This year’s sugar produced in Nicaragua has most likely been harvested by workers who are not paid enough, endure long working hours and lack enough access to shade and water. These are the results from Fairfood International’s issue briefing ‘Working Conditions in Central American Sugarcane Industry‘.
On average, workers receive half what is needed to cover their basic expenses. The majority of sugarcane cutters reported they were paid per ton of cane they cut. This type of payment incentivises long working days, which can sometimes increase to more than 12 hours a day seven days a week during the harvest time or ‘zafra’ – far more than international agreements on fair working conditions and ILO regulations would allow. Despite long work days, the research indicates that many workers surveyed are permitted to take only one or two breaks a day, depending on their employer. Moreover, they only have access to shade during their lunch breaks.
‘Treat them Sweet’ project for fair working conditions and fair wages
Fairfood International considers these issues sufficiently grave to be unacceptable. In order to improve the situation for Nicaraguan sugarcane workers, Fairfood is launching the Treat them Sweet project that aims to help and encourage companies at all stages in the sugarcane supply chain to adopt and implement policies and practices that ensure fair wages, reasonable working hours and sufficient access to shade and water for all workers. “We will engage with companies at all levels of the supply chain to determine how best to address these issues and work collaboratively to create positive change”, said Hana Ivanhoe, corporate engagement manager of the project.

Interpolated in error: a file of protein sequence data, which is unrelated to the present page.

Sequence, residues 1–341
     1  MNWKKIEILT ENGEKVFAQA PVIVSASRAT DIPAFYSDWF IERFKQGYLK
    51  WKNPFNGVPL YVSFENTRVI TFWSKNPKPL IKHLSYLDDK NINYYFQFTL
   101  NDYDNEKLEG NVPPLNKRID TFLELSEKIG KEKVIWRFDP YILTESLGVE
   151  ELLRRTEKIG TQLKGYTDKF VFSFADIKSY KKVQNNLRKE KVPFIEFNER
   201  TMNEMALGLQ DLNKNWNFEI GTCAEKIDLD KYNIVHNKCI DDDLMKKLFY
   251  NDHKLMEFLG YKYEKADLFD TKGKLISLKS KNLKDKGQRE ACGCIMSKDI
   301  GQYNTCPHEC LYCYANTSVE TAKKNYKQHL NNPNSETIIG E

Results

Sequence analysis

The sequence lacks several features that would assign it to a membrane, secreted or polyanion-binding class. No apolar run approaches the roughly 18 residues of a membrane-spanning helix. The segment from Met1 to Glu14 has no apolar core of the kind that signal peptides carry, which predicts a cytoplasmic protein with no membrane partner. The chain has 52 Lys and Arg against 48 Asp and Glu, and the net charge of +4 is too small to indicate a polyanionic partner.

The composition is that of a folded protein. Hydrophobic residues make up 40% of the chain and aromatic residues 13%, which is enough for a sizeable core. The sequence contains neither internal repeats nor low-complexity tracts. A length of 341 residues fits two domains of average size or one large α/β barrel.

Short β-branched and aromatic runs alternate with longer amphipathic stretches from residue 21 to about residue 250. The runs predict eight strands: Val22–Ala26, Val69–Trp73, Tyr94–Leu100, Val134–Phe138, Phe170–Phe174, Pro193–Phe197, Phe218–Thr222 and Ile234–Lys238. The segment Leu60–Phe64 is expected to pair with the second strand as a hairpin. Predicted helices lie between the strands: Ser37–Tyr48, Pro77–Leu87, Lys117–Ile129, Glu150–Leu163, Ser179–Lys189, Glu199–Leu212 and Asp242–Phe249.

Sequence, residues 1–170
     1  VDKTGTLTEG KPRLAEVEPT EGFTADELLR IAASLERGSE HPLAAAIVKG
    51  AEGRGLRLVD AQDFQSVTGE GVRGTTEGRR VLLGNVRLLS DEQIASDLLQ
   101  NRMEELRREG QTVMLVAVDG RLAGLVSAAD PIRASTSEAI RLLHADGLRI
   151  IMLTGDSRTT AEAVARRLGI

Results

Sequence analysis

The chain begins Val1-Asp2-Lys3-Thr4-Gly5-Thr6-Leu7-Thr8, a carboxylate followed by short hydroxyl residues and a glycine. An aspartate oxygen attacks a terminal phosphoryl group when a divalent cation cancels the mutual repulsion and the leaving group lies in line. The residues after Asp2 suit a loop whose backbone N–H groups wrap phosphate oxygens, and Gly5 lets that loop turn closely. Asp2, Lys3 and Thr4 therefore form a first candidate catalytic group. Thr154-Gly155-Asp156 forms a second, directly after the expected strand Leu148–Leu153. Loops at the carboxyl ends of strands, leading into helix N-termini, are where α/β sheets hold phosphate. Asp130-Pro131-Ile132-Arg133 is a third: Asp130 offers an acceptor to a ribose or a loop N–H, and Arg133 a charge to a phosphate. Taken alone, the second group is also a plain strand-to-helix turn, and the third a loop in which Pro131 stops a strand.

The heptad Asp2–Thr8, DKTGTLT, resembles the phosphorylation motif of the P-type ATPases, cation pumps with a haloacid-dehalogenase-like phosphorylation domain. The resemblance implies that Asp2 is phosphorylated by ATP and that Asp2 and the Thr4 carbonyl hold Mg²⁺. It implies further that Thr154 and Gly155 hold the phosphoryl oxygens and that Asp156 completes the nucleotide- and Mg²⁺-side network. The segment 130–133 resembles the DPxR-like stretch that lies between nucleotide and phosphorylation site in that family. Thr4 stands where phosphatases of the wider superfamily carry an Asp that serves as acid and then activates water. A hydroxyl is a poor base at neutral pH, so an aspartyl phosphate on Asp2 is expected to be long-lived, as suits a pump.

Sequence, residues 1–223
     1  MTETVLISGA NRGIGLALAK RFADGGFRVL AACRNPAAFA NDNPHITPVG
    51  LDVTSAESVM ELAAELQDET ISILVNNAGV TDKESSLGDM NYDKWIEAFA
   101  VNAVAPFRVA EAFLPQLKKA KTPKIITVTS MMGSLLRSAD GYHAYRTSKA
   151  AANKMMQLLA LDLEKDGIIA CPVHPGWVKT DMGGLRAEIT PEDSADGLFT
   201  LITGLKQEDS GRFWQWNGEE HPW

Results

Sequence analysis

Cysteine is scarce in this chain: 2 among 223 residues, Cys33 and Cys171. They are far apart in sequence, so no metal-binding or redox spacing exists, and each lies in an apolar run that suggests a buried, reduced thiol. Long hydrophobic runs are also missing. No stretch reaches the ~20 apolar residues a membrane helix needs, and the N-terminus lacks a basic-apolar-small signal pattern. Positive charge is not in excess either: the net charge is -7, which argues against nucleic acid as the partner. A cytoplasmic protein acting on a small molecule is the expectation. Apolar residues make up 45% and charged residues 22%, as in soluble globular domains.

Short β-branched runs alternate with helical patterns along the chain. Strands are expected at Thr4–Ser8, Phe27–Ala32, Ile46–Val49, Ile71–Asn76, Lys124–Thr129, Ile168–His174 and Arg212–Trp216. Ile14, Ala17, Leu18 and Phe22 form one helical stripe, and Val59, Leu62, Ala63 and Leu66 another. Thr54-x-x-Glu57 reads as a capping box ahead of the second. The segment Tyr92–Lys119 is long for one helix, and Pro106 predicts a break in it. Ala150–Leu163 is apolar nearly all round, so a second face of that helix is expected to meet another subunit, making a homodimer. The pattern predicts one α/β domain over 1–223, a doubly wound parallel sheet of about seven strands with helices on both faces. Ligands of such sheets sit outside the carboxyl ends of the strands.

The issue briefing draws primarily from the report ‘Sugarcane from Nicaragua’, written by Prof. P. Hoebink, from the Centre for International Development Issues Nijmegen. In his report, Hoebink conducts a comparative analysis of literature and field research findings on working conditions and occupational health hazards in the sugarcane industry in Nicaragua. “Surveys carried out in 2005 and 2013 indicate that sugar workers still suffer poor labour conditions in Nicaragua,” states the report. “Companies producing sugar should take corporate social responsibility seriously and take more responsibility for their workers”.
About Fairfood International
Fairfood International is an international non-profit organisation. It is Fairfood’s mission to improve the socio-economic conditions of vulnerable people, such as smallholder farmers, workers (especially women) and consumers in our food system and to ensure the sustainable production and consumption of food, by influencing the policies and practices of global food and beverage companies and governments.